- You will leave the places that you visit in a better position than when you arrived
- It stimulates local economies
On the other hand, tourism can have negative effects as well.
- Increased strain on the environment
- Higher levels of waste produced
- Local families can be pushed out of their homes due to rising cost of living and increased demand
- Infrastructure can fall apart with large influx of tourists
- Wildlife can be exploited
As you can see, promoting sustainable tourism isn’t just good for all parties involved, it is morally the right thing to do.
Have a read of our articles all about the benefits and impacts of sustainable tourism here.
Read More About the Benefits and Impacts of Tourism
- Refusing to Ride – The Real Story Behind Elephant Tourism in India
- Cuc Phuong National Park’s Wasted Problems
- South Bohemia Itinerary – Sustainable Tourism in Czech Republic
The Truth About Wildlife Activities and Tourism
One of the best parts about travelling overseas is the opportunity to encounter species that you don’t have in your home country.
It is a humbling experience, seeing something as majestic as an elephant, penguin, whale or bear in its natural environment.
However the opportunities to see these in the wild are often expensive, time-consuming or difficult to reach, which has led to the creation of thousands of zoos and aquariums.
While some of these are very sustainable and responsible, with a heavy focus on conservation, some are far more unscrupulous in their practices.
Animals are often kept in poor conditions, with basic necessities such as food and shelter being pushed aside to increase profit margins.
Wildlife tourism is big business, and unfortunately many places only see dollar signs.
It’s important to do diligent research before visiting a zoo or aquarium, and this is particularly the case in developing nations where ethics and standards may be lower.
Diving deeper into the aspects of wildlife tourism, we come to another element that needs to be addressed, and that’s wildlife activities.
Things like elephant riding, swimming with dolphins, circus performances, petting tigers, aggressive whale shark encounters and Luwak coffee cafes are very controversial, and there is now plenty of peer-reviewed evidence showing that these can cause irreversible harm to the animals.
While it might be tempting to ride an elephant on a trip to Thailand, think about the long-term physical and psychological damage that these gorgeous creatures go through for 30 minutes of entertainment.
We urge you to do appropriate research when it comes to any tours or encounters that involve wildlife.
If in doubt, don’t support any businesses that potentially harm animals.
Read More About Wildlife Tourism and Activities
- Refuse to Ride – The Real Story About Elephant Tourism in India
- Why We Didn’t Do an Elephant Tour in Sen Monorom
Minimising Your Waste and Footprint as a Traveller
With the global effects of climate change wreaking havoc on the polar icefields, glaciers, low-lying land and drought-prone nations, the world is finally starting to see the benefits of turning green.
As a traveller, we can also do our part to minimise our carbon footprint and waste by simply following a few simple practices.
Some of these are obvious and easy to implement, while others might cause minor inconvenience while you get used to them.
Here’s some ‘low-hanging fruit’ when it comes to being an eco-traveller.
- Travel with a reusable water bottle
- Bring a packable carry bag so you don’t use plastic bags
- Use a ‘KeepCup’ or reusable coffee cup instead of getting takeaway coffees
- Travel with a metal spork instead of using plastic (you can even bring this as carry-on when flying)
- Say no to single-use plastics like straws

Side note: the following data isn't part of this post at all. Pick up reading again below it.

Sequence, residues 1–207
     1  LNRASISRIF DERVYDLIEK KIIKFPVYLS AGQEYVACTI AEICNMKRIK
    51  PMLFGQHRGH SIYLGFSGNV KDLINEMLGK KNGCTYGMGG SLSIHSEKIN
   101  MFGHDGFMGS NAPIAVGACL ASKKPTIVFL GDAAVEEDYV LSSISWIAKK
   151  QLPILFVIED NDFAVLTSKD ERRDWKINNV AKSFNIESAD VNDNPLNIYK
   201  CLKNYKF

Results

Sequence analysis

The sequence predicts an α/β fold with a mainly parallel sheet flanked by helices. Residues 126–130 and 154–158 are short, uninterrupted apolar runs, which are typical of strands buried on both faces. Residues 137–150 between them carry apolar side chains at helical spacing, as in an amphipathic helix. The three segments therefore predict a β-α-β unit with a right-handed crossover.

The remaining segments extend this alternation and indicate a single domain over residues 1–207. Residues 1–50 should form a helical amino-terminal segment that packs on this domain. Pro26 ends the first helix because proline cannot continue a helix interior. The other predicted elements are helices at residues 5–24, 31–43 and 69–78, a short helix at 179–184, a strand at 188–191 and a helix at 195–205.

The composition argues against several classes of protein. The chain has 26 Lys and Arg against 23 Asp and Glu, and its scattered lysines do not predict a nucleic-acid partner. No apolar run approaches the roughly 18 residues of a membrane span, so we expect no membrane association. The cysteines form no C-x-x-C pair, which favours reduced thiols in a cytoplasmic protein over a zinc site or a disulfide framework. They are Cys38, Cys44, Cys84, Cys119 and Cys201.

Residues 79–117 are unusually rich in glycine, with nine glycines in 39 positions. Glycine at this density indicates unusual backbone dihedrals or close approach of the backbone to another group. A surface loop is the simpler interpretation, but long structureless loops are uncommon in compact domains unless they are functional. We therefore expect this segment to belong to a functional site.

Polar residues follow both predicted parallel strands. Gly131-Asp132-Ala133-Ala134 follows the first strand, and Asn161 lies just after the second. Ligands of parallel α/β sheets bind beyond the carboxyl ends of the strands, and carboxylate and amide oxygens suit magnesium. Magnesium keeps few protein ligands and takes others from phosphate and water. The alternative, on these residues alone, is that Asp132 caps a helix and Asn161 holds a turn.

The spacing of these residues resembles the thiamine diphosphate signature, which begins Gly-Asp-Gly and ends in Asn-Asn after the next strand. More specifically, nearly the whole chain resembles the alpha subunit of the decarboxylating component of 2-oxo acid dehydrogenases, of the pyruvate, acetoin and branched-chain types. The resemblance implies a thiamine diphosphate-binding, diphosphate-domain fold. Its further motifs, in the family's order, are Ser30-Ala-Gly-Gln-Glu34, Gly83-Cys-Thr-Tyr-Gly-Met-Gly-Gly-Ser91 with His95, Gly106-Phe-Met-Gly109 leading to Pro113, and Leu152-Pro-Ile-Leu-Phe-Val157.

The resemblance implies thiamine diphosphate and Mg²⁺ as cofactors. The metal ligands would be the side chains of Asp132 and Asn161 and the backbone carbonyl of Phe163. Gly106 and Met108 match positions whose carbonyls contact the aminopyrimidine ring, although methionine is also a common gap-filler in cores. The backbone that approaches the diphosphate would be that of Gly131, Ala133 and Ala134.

Becoming an eco-traveller can also go beyond just minimising your own waste when you travel.
It can also be about trying to lower your carbon footprint.
- Walk or rent a bicycle to explore cities and towns
- Choose a public bus rather than a taxi to get around
- Try to travel overland wherever possible, minimising the number of flights you take
- Choose to stay in eco-friendly accommodation
If you are required to travel a lot, either because of your job or personal situation, it is worth looking into ways to offset your carbon.
We personally use Greenfleet in Australia to offset all of our carbon from travelling.
Read More About Minimising Your Waste as a Traveller
Choosing Sustainable Tour Operators and Accommodation
One of the best ways you can be a responsible traveller and promote sustainable tourism is by choosing to spend your money with companies that have the same ethics and practices when it comes to protecting communities, local economies and the environment.
The term ‘eco-friendly’ gets thrown around a lot these days, and it’s far too easy to simply take a company’s word that they are being eco-friendly, simply because they have it published on their website or around their property.
For example, we’ve stayed in an accommodation that had a sign in their hotel bar proudly saying they care about the environment, and as such they are no longer handing out plastic straws with drinks.
Sounded great, until we checked in to our room and found that the bathroom was filled with miniature shampoo bottles, toiletries were individually wrapped in plastic and they cleaned towels every single day, even though we hung them back up again.
Luckily in this day and age of the internet, with online reviews, blogs and travel guides helping to identify these issues, it’s never been easier to research the companies you may end up supporting.
Here’s some ways you can choose sustainable tour operators and accommodation in your travels:
- Do your research by reading blogs, TripAdvisor reviews and check out the company’s website. They should have an ‘environmental policy’ if they are committed to sustainability.
- Be extra vigilant when choosing companies that offer wildlife encounters. Often the more expensive ones have much higher standards, and it’s worth paying more to help protect the animals.
- If you’re unsure about anything, call the company and ask questions. If they can’t answer clearly on their environmental policies, often they are careless about it.
Read More About Choosing Sustainable Tour Operators and Accommodation
- What are Eco-Friendly and Sustainable Hotels?
- How to Travel to Antarctica Responsibly
- Discovering Sustainability at EcoCamp in Torres del Paine